Information Needs in Prisons and Jails: A Discourse Analytic Approach

Debbie Rabina 1 , Emily Drabinski 2  and Laurin Paradise 1
  • 1 School of Information, Pratt Institute, 144 West 14th St, 6th fl., New York, NY 10011, USA
  • 2 Long Island University, Brooklyn, NY, USA
Debbie Rabina, Emily Drabinski and Laurin Paradise

Abstract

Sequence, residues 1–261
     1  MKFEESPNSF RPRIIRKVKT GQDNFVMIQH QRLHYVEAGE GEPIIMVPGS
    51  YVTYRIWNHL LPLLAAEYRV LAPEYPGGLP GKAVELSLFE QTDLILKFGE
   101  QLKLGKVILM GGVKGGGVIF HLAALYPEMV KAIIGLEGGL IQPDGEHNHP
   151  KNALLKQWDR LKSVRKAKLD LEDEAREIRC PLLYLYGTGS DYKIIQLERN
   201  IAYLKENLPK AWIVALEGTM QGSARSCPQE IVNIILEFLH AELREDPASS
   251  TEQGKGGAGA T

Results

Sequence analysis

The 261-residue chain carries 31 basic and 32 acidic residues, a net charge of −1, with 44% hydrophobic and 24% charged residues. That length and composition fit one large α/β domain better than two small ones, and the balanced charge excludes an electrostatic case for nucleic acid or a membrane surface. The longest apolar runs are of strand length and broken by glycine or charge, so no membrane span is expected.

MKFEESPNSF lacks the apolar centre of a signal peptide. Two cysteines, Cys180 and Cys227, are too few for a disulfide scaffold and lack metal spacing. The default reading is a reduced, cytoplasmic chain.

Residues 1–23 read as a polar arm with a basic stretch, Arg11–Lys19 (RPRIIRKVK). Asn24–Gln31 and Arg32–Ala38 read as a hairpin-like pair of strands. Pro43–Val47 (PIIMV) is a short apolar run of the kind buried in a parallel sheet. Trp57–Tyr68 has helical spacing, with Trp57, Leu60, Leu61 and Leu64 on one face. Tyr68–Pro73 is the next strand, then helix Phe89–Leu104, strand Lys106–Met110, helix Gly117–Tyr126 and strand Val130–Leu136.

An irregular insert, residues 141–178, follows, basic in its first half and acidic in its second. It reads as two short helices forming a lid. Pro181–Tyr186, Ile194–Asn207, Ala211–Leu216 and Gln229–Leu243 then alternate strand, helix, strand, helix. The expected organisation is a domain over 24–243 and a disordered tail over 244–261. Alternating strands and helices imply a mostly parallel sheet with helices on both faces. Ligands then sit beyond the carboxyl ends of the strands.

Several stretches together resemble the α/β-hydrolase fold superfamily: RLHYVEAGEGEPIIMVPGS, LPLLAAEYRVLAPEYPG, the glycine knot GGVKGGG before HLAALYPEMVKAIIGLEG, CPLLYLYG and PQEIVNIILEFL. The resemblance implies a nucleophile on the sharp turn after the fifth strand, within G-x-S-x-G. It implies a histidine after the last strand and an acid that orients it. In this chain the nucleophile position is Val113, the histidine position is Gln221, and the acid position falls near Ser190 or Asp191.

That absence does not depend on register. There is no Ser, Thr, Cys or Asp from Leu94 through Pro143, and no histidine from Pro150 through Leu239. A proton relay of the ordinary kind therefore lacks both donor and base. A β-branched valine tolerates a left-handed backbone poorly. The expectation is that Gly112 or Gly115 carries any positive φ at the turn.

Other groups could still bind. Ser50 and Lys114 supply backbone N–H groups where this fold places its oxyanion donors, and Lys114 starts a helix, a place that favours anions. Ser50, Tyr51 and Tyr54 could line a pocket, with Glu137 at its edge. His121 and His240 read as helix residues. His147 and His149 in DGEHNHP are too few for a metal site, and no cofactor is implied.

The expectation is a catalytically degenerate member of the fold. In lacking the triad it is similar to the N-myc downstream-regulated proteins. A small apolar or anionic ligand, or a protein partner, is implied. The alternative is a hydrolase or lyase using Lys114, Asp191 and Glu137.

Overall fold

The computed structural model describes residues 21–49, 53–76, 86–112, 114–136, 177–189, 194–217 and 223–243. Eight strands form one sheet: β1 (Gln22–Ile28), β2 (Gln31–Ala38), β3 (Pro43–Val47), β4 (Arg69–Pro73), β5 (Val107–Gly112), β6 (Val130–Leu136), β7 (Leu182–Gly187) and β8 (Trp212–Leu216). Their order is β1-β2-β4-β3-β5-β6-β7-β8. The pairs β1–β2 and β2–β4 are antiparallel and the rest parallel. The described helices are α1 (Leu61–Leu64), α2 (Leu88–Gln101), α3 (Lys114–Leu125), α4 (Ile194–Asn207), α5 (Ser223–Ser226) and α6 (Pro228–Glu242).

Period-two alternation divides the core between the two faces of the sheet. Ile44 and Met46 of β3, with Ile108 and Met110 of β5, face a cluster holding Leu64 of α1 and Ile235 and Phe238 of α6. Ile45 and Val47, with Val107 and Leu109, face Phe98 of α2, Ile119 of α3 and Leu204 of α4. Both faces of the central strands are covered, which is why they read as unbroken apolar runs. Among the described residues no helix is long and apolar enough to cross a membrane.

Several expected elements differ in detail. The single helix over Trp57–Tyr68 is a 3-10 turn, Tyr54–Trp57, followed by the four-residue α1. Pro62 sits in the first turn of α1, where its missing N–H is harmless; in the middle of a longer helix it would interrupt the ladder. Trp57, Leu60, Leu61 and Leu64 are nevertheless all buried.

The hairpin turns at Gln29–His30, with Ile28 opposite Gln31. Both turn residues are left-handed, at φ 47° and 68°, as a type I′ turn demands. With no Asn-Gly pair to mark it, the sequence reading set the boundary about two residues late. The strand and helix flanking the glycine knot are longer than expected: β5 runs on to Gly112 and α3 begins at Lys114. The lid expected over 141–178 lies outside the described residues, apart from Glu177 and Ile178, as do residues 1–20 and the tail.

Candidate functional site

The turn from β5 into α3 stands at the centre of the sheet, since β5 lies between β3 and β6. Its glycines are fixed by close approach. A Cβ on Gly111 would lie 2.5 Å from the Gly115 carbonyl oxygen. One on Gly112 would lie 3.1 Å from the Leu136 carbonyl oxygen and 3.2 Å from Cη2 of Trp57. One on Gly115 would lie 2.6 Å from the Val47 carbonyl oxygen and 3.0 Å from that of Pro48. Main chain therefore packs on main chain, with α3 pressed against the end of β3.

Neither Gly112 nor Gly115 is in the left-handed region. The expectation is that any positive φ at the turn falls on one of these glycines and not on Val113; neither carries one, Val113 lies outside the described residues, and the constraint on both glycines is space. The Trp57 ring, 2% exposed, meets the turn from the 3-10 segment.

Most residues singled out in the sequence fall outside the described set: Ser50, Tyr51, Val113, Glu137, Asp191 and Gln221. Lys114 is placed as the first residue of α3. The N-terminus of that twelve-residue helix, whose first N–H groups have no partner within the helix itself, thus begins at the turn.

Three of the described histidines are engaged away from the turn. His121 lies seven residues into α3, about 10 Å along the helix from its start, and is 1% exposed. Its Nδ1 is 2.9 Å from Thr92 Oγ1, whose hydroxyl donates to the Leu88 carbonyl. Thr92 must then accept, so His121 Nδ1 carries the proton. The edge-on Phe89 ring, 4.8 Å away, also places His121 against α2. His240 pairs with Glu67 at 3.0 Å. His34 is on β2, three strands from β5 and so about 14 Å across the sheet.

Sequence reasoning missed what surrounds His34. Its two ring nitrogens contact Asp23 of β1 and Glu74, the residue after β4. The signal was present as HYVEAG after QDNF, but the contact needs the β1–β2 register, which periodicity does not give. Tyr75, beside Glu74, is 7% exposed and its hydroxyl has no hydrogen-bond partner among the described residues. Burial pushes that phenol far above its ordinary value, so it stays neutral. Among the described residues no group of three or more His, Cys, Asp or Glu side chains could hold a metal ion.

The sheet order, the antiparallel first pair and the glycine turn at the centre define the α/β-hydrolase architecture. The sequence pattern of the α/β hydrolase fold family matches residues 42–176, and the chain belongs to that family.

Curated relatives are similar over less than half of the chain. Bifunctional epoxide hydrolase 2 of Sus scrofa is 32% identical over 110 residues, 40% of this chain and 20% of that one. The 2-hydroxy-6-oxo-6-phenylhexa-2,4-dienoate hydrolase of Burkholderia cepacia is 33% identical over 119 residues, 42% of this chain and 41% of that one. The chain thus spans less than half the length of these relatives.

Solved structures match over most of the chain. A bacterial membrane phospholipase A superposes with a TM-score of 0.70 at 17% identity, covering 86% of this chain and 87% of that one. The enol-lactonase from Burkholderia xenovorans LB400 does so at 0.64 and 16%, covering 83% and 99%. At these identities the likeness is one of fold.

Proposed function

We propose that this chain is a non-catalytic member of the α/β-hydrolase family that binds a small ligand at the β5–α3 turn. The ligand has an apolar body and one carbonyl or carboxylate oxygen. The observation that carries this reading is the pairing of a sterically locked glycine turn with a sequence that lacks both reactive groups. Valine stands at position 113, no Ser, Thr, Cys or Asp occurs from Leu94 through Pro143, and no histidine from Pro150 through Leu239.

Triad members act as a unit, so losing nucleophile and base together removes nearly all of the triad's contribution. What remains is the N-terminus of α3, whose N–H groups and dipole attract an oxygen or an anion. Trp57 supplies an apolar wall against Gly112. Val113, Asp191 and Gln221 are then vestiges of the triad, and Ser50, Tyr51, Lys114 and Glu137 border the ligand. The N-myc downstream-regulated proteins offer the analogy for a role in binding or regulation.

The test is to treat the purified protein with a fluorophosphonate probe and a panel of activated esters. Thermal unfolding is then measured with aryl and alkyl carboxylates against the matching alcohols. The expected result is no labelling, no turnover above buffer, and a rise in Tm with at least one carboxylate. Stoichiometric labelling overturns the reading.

According to the most recent statistics by the US Department of Justice (“Correctional Populations in the United States, 2014,” accessed September 25, 2016 at http://www.bjs.gov/content/pub/pdf/cpus14.pdf), more than 2.2 million people are incarcerated in the United States. Without access to fully stocked and staffed libraries or a connection to the Internet, a broad swath of this population faces significant barriers to accessing a broad range of information sources. This study analyzes the problem of information access for incarcerated people. The dataset was drawn from five semesters of classroom engagement with the New York Public Library (NYPL) letter service, with 290 reference letters having been answered between September 2013 and May 2015. The method of discourse analysis was used to analyze the information needs of people in prisons and jails in the context of information worlds. Geographic distribution and user satisfaction are also analyzed. The research discussion produced the following insights into “life in the round” (Elfreda A. Chatman, “A Theory of Life in the Round,” Journal of the American Society for Information Science 50 (3):207–17) of people in prisons and jails that emerged from the analysis of the data: the continuing relevance of reference sources; the fact that prison produces anxiety about employment/re-entry; and the development of a mode of discourse through the letter service. The study concludes that information needs of the users often are created by the prison itself. The analysis tells us more about how information works in prisons and jails. Understanding the information needs of incarcerated people offers insight for librarians and libraries seeking to better serve incarcerated populations. Future research should address the information that incarcerated users have, not what those of us on the outside imagine they do not.

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